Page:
BrainTrust Query: Three Purchase States
Through a special arrangement, presented here for discussion is a summary of an article from Views, the blog of TNS Retail and Shopper. Click here for a copy of the full essay.
In what I refer to as my purchase states hypothesis, the trillions of unique events in an in-store shopping experience, for practical purposes, can be boiled down to three simple buckets.
The Routine/Autopilot State: The first and by far the largest shopping state is when you buy something over and over again and it becomes an habitual process. The shopper shifts from consciously thinking about the purchase to an autopilot state that efficiently makes the purchase without a thought. It is this behavior that Neale Martin refers to as "the 95 percent of behavior that marketers ignore."
The Surprise/Delight State: You find the new $35,000 car you want is available for $29,000. The one huge problem in surprising/delighting shoppers: almost invariably, the retailer instinctively turns to price as the tool of choice.
The Frustration State: You need shoe laces, a piece of luggage that is "just right" or maybe a particular type of sauce that you can’t find in the store. Simply finding something that you might buy every two years may be a chore unless you are in the habit of seeing it regularly.
Why is this is important? Although category management is essential to managing stores, it falls well short of addressing item purchases. Shoppers do not purchase categories, they purchase individual items. By focusing on these three purchase states related to items, I have recognized the diversity that may occur from purchase to purchase on a single trip.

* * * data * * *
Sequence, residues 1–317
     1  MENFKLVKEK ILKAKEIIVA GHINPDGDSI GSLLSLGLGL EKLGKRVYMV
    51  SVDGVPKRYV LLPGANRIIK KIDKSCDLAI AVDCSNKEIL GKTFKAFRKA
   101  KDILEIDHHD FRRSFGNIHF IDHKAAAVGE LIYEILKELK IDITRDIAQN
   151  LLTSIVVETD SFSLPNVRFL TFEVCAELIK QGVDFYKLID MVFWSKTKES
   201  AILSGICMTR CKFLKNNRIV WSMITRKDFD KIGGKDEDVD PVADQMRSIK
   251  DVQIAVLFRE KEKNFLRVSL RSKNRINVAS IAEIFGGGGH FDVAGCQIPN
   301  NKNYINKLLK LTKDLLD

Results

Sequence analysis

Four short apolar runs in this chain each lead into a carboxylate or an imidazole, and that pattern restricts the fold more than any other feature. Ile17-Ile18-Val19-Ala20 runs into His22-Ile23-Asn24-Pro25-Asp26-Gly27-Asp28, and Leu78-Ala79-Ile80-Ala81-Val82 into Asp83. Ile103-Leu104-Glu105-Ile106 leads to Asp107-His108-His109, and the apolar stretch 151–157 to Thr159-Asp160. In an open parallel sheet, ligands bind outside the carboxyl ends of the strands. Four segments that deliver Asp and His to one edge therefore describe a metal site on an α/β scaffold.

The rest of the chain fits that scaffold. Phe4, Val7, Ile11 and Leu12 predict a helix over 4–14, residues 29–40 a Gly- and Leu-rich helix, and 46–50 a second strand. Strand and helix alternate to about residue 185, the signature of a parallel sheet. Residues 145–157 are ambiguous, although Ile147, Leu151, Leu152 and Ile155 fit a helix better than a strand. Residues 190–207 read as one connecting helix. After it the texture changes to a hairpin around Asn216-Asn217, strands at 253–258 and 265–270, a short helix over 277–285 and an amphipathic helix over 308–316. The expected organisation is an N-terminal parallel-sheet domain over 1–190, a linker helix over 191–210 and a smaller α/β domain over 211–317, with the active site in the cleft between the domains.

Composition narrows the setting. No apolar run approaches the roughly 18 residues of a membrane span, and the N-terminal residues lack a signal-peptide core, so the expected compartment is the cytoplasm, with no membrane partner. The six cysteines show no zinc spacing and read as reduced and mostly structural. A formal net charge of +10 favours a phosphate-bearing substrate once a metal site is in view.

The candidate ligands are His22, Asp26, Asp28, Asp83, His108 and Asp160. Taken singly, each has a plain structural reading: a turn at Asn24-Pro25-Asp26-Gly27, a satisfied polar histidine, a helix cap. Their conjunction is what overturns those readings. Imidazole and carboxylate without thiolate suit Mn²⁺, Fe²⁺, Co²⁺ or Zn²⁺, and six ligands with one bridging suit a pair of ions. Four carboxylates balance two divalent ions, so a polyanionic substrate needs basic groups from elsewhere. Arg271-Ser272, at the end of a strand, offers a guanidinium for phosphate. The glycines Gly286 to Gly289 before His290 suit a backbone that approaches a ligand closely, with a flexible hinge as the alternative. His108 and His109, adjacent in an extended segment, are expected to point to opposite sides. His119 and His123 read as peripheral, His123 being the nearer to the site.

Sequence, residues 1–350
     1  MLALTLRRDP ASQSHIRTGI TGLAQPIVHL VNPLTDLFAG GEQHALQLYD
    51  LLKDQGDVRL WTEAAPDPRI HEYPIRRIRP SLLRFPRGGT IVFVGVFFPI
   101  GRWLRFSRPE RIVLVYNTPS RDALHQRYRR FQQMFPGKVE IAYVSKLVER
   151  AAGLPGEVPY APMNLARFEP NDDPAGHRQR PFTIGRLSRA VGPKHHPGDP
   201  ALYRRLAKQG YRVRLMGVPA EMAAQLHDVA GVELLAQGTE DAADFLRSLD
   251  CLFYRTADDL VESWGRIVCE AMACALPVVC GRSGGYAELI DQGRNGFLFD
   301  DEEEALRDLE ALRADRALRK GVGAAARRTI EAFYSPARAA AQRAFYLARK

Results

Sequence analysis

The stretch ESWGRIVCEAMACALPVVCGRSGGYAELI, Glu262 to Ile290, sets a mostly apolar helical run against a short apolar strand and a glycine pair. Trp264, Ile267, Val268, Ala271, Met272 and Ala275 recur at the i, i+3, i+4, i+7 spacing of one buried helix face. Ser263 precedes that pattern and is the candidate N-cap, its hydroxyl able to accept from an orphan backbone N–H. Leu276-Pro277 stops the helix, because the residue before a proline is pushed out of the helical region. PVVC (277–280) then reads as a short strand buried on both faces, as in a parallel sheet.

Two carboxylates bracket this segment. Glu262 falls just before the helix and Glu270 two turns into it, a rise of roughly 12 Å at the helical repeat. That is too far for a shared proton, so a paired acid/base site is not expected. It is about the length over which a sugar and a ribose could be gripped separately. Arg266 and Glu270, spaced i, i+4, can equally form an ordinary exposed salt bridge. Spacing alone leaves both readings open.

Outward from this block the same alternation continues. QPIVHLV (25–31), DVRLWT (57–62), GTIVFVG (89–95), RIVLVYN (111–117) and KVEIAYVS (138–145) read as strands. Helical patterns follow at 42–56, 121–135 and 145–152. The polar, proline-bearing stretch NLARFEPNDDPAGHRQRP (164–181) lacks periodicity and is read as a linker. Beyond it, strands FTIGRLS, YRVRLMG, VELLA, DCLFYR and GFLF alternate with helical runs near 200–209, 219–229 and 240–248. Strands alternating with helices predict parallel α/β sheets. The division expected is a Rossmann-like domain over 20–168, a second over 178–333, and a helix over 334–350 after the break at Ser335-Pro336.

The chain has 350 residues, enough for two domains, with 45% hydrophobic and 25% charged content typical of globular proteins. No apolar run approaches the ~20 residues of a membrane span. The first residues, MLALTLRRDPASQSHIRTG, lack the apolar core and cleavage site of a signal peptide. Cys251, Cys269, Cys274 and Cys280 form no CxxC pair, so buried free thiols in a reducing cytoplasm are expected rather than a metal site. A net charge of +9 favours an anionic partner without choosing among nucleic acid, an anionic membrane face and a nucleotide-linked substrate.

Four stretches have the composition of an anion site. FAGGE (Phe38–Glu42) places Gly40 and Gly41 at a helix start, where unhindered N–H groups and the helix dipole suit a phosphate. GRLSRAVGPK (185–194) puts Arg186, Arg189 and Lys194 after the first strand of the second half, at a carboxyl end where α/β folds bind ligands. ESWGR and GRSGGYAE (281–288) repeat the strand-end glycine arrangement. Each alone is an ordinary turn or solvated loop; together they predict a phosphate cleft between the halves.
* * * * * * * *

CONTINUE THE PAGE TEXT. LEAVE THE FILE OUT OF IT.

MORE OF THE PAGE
These three states also illuminate some of the issues in the continuing evolution of retailing across online, mobile and bricks-and-mortar. Although online can deliver some surprise/delight, the emotional, immediate experience in the "real" world would seem to give the advantage to the physical store. But, in terms of search, it’s hard to see how the bricks-and-mortar store will be able to compete without a huge inventory and shopper electronic search capabilities — smartphones, for example.
This leaves the routine/autopilot purchase as a real battleground between bricks and clicks. Automating routine purchases is a potential winner for the online store. However, bear in mind that surprise/delight may seriously alleviate the drudgery or blandness of the routine in the bricks store. The real challenge for the bricks store is to minimize frustration by moving as much purchasing into autopilot as possible and spicing the mix with a limited amount of surprise and delight. Spice is good, but only in limited amounts!
Discussion Questions: What do you think of the author’s purchase states hypothesis? What are the advantages as well as perhaps some possible shortcomings of analyzing item purchases in this manner?